Our lives are a series of stories, and you define yourself with the stories you tell. You also represent others with the stories you believe about them. In turn, the world is the way it is because of the stories we all know.

On top of this, our brains have evolved to understand, appreciate and create stories.

Even our sense of time is a story. But, many of our stories wouldn’t make sense without our linear view of time. In this regard, our stories about time make other stories possible.

We often think of stories as something found in a book. But instead, they are an essential layer in our lives and concept of reality. Stories play a role in determining where we are, and where we are going. We can’t expect to get anywhere without a good story.

Stories As Explanations For What We Do

Often we do things for reasons that we can’t explain. At times, we may not even understand why we did them at all. Other times, we can not be sure about what happened. It is also easy to construct a story that dismisses our errors.

When we acknowledge something was our fault, we must also admit we were wrong. But even then we may tell a story that will absolve our responsibility.

But often or explanations only come after someone asks “Why did you do that?” This point is when we construct a story for ourselves, otherwise we merely except them.

Usually, we call others explanations excuses. This accusation is especially true if someone doesn’t come out and say “Yes, it was me!” We want to accept people for their mistakes, at the same time, we don’t want to know the reason for them.

Part of the problem is that, inside our heads, there is always an explanation. You closed the door because it was cold. You turned down the radio because it was loud.

But sometimes, things are hiding in our stories, things we don’t want to acknowledge. You closed the door because you didn’t want the bother. You turned off the radio because the song reminded you of your ex.

The point is that we need stories to connect what happens with what we did. A good narrative unites events together. A great story makes sense of things that made no sense before.

At times our stories are not beneficial to someone else when they are only looking for a sorry. But at its core, our stories serve as an explanation for what we have done, even if they aren’t true.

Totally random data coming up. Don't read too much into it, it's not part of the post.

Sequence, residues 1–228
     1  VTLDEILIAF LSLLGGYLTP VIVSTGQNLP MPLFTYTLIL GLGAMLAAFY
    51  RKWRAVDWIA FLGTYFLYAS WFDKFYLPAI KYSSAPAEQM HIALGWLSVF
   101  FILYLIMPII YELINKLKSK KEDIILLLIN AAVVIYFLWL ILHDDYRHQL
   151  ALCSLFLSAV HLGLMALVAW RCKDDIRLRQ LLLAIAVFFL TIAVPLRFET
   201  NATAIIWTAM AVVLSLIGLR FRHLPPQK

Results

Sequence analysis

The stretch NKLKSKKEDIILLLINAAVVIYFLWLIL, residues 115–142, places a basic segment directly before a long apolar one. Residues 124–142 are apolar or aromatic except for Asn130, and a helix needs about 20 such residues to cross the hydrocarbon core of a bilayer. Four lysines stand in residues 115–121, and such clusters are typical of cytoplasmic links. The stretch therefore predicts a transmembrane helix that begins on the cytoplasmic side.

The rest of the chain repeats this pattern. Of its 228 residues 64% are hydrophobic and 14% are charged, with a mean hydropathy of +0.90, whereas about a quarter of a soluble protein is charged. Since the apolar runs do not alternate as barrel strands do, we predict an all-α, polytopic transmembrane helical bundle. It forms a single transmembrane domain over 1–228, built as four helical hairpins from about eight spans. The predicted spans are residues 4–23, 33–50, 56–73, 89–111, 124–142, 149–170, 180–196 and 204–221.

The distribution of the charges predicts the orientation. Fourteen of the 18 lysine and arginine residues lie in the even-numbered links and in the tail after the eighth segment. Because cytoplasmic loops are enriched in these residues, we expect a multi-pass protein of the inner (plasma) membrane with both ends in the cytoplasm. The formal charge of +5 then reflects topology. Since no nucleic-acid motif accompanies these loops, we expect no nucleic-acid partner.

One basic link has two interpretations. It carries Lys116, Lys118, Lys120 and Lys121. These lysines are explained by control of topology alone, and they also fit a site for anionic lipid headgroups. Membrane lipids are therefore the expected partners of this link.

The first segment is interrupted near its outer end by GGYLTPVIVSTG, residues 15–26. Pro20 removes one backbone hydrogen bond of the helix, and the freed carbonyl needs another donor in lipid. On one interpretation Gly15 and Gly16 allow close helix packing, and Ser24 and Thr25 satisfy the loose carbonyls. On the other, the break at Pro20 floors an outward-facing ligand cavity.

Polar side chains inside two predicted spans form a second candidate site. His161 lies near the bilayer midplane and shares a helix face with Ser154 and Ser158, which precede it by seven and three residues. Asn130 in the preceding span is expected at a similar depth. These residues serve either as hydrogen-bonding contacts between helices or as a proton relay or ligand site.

Stories To Excuse Other People

The same way we explain ourselves, we also use stories to describe other people.

We tell stories as excuses for what other people have done. In this sense, we see the things, that we assume happened before, being the cause of what happened later. But there is a choice about what events or points we add to our stories.

Again, we use a story to connect events in a linear order. The need for this stems from the way our minds work. We need explanations, and we need them now. The more straightforward a story is, the better.

The story we tell can go in both directions. We can use a story to explain why someone is evil and should be punished. Or we can use a story to describe why it wasn’t their fault and they aren’t guilty. Sometimes the same narrative can do both.

Either way, we use stories to justify our views of people and the things they have done.

You could argue that we are justifying our opinions and not the things that happened. But, we need our stories to connect the things that happen with the way we feel.

We Use Stories To Explain Who We Are

Often, we have an explanation or an excuse for who we are and why we did the things that we did.

To an outsider, our stories might be random or missing critical facts. A family member could see the events in a different light. They may value one thing over another. Our parents may have grand stories that explain everything about us.

We all have stories, and our stories interact with the stories of the people in our lives.

As we grow old, we forget some stories, while emphasizing others. We may not have much say, over which stories matter to us, our brains decide for us.